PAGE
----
Global TB Caucus
Global TB Caucus Country Spotlight: Republic of Korea launches National TB Caucus
20 July 2018, Seoul
Hon Myunyeon Kim MP, chairman of the Cooperation Committee in Stop TB Partnership KOREA and Stop TB Partnership KOREA (STBK) together hosted an international forum entitled “Political Actions in the Global Fight to End TB” at the National Assembly Building of Republic of Korea in Seoul on 20 July 2018. This forum was organized to pave the way for the creation of Korea TB Caucus (KTBC) by raising awareness on global TB among Korean MPs, the potential members of the caucus, and inspiring them to join forces with the global community to end TB. With the UN High-Level Meeting (HLM) on TB approaching fast, this forum will galvanize MPs and high-level government officials to take actions in their positions to support the ongoing fight against global TB.
The forum began with a congratulatory video from Hon Keizo Takemi MP and Hon Takagai MP, Chair and Vice Chair of the Japanese Parliamentary Caucus. They emphasized the importance of engagement and support from the government and members of parliament to eradicate TB globally. The half-day meeting took participants through an overview of the global TB epidemic (highlighting the UN HLM this year) and introduced the Global TB Caucus. Hon Shanahan provided an overview of Canada’s contribution to the Global TB response and shared her experience as a chair of her National TB Caucus. A panel discussion, with representatives from international CSOs and TB experts, on the role and aim of political actions of Korean MPs to end the global TB epidemic brought the meeting to a close.
Over the past year, the Republic of Korea has emerged as a significant donor in the Asia Pacific region. In 2013, the Ministry of Health contributed $6 million to the Global Fund for 2014-2016, and the foreign ministry contributed $10 million in five annual instalments from 2013-2017, drawn from a levy on all passengers leaving South Korea on international flights. The 1,000 won ($0.95) levy, known as the "Global Poverty Eradication Tax", was introduced in 2007, primarily to contribute financial resources to fight poverty and disease. As the 11st largest economy in the world, Korea has the potential to boost its ODA, especially focusing on health.
The country has come a long way in the fight against TB over the past half-century. After the Korean War, which ended in 1953, it was estimated that nearly 6.5% of South Korea’s population had active TB. In 1962, the government of South Korea adopted and implemented the National Tuberculosis Program in 1962. In the subsequent years, up to 1995, the prevalence of TB in South Korea decreased from 940 to 219 cases per 100,000 population. Rapid economic growth during this period might have been a contributing factor to this steady decline. But despite these significant advances in disease control, TB incidence in South Korea remains the highest among the 34 OECD countries, according to the WHO.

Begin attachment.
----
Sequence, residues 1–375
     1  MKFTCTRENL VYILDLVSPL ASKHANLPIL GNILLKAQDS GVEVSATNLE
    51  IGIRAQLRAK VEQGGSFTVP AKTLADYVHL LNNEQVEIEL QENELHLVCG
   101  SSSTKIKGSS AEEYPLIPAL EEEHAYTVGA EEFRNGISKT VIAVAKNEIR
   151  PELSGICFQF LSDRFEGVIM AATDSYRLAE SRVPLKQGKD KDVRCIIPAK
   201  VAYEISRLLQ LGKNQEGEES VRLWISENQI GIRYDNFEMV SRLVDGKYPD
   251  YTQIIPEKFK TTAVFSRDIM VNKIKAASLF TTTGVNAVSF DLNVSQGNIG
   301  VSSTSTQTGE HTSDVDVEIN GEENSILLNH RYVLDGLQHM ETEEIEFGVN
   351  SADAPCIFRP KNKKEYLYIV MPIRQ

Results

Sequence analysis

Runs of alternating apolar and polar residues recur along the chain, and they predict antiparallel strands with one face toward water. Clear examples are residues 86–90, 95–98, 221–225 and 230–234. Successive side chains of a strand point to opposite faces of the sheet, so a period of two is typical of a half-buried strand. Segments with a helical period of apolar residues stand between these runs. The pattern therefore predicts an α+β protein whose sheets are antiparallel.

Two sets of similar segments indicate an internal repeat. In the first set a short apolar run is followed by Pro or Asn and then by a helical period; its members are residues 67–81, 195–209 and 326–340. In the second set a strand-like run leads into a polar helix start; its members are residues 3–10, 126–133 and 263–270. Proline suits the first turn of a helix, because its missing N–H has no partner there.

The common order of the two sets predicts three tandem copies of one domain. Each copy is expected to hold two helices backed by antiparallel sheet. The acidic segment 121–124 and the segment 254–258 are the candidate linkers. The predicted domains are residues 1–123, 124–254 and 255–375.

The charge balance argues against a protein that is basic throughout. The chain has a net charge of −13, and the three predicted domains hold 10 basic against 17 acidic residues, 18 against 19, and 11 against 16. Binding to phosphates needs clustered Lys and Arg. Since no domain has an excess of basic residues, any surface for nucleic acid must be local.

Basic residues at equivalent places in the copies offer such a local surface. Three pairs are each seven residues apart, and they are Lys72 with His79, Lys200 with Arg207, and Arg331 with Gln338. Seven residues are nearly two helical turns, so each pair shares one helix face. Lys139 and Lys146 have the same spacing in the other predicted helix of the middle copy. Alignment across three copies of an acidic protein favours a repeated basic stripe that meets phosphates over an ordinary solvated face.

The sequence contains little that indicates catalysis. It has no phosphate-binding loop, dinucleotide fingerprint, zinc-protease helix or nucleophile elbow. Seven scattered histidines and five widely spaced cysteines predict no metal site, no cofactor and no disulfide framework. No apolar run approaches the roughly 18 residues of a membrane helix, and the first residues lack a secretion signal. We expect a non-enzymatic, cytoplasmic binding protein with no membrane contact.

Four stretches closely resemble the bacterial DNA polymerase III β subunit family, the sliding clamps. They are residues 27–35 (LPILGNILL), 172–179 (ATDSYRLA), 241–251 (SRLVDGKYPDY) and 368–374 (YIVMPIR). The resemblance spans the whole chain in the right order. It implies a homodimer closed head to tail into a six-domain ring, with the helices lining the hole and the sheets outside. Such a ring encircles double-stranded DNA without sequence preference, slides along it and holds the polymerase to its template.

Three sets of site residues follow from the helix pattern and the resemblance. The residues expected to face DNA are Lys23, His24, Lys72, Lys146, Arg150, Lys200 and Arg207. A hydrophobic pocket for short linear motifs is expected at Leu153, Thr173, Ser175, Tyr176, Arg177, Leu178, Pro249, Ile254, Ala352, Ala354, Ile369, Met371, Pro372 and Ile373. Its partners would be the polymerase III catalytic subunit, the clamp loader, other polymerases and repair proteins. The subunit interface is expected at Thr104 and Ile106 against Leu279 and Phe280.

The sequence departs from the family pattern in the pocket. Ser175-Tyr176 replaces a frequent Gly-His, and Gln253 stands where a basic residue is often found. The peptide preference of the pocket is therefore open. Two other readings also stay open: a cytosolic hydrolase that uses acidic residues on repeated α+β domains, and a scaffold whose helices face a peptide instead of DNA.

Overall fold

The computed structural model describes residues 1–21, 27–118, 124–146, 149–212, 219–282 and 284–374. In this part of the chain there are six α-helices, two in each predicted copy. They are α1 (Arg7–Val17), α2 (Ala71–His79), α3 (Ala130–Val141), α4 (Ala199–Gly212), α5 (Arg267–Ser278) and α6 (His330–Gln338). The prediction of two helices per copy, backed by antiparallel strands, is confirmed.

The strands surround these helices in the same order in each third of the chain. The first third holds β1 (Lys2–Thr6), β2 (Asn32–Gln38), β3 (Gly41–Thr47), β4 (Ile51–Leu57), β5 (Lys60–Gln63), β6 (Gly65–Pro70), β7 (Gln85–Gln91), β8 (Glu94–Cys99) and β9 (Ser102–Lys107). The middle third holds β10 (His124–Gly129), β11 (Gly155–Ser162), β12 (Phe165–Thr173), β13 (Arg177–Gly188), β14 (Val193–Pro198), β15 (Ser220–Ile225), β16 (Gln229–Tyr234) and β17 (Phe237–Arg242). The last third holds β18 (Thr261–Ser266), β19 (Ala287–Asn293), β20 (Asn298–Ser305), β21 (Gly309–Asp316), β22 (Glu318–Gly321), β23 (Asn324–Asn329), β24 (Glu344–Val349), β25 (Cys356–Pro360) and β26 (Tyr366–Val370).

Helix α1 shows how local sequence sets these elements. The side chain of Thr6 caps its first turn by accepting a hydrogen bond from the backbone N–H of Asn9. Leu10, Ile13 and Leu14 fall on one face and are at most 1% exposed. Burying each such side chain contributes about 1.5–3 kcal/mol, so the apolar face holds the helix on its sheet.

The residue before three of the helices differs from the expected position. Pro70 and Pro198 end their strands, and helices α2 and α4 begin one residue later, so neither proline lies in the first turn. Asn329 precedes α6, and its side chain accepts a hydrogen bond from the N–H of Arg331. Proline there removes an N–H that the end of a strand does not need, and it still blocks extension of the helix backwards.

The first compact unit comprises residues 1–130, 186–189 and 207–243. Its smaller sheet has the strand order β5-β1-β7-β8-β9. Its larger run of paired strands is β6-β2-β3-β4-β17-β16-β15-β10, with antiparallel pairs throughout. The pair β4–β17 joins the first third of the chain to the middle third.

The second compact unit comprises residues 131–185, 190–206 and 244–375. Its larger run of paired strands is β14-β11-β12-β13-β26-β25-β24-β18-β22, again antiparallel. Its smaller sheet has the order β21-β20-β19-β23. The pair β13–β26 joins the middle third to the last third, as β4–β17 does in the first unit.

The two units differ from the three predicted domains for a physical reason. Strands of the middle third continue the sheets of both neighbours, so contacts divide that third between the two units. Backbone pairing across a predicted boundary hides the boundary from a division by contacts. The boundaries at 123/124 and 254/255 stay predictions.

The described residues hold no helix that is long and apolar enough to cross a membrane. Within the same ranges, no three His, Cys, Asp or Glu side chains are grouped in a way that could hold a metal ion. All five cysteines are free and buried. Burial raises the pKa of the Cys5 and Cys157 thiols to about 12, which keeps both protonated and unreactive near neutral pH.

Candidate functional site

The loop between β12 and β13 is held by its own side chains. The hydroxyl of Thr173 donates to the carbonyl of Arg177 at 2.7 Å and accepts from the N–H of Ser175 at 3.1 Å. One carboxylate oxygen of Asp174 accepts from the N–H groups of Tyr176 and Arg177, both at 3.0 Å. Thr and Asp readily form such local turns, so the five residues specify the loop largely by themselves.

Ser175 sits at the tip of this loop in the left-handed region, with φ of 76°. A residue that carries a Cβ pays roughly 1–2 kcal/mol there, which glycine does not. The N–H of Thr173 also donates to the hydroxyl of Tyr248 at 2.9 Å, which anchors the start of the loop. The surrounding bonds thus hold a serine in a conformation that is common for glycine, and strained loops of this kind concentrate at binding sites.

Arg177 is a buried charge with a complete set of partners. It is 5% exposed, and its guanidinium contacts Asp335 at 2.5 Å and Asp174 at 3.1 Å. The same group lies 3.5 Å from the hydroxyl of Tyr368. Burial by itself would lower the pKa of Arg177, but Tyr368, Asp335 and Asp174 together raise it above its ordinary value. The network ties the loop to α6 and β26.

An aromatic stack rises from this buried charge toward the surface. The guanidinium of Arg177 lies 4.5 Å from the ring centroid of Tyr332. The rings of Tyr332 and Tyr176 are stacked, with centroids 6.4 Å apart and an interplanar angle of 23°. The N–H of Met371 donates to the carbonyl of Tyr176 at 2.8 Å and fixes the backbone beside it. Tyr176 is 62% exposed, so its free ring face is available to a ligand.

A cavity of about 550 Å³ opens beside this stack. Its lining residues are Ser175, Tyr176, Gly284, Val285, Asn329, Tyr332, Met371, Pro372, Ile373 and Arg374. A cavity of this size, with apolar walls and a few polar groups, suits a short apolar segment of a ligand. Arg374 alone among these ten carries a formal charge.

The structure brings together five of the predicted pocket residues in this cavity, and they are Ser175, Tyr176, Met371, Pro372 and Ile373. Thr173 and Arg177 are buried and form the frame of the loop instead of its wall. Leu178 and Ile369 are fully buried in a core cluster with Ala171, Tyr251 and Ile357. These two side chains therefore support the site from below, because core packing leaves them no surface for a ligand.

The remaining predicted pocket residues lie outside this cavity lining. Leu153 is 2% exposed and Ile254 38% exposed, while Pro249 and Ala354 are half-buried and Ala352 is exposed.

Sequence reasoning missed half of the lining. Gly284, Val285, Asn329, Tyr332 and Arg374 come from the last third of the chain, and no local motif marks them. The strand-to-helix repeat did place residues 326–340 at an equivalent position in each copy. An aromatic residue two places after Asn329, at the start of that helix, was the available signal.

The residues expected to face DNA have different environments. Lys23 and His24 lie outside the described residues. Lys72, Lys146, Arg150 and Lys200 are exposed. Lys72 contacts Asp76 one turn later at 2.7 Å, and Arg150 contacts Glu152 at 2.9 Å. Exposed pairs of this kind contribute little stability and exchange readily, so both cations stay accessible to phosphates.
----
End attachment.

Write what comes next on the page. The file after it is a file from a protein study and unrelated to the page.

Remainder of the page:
In 2016, approximately 9,200 people were diagnosed with TB in the United States, while there were an estimated 39,000 people infected with TB in South Korea in the same year. The high prevalence could be attributed to a few different under-lying factors including an increasing population with diabetes, high smoking rates and a high prevalence rate of latent TB among the elderly.
In order to address the existing challenges posed by TB, the Korean Centre for Disease Control developed the New 2020 Plan. This plan aims to reduce the rate of incidence by half between 2011 and 2020, aiming to bring the rate down to below 50 per 100,000. In line with this, in 2011, the South Korea Ministry of Health quadrupled their annual budget for the TB program.
The New 2020 Plan uses Private-Public Mix (PPM) collaboration and the reinforcement of outbreak investigation. The model involves close monitoring of those infected, contact tracing, and financial support for people with multi-drug resistant TB.
Over the coming decade, several nations, particularly in the Asia-Pacific, will begin to move away from relying on foreign contributions to address domestic challenges in managing TB. The precedent set by the Republic of Korea will, no doubt, inform the path they chose and the decisions they make along the way.
Currently, a total of 27 MPs from across parties have come other to establish Korea TB Caucus. The Caucus and its members will interact and cooperate with members of other national TB caucuses to seek ways to expand Korea’s role in the global fight against TB.
With the launch of a KTBC, Korea is substantiating its political will in the fight against TB, both nationally, as well as globally. As a country that must simultaneously address the epidemic domestically and regionally, they have the opportunity to set a unique example.
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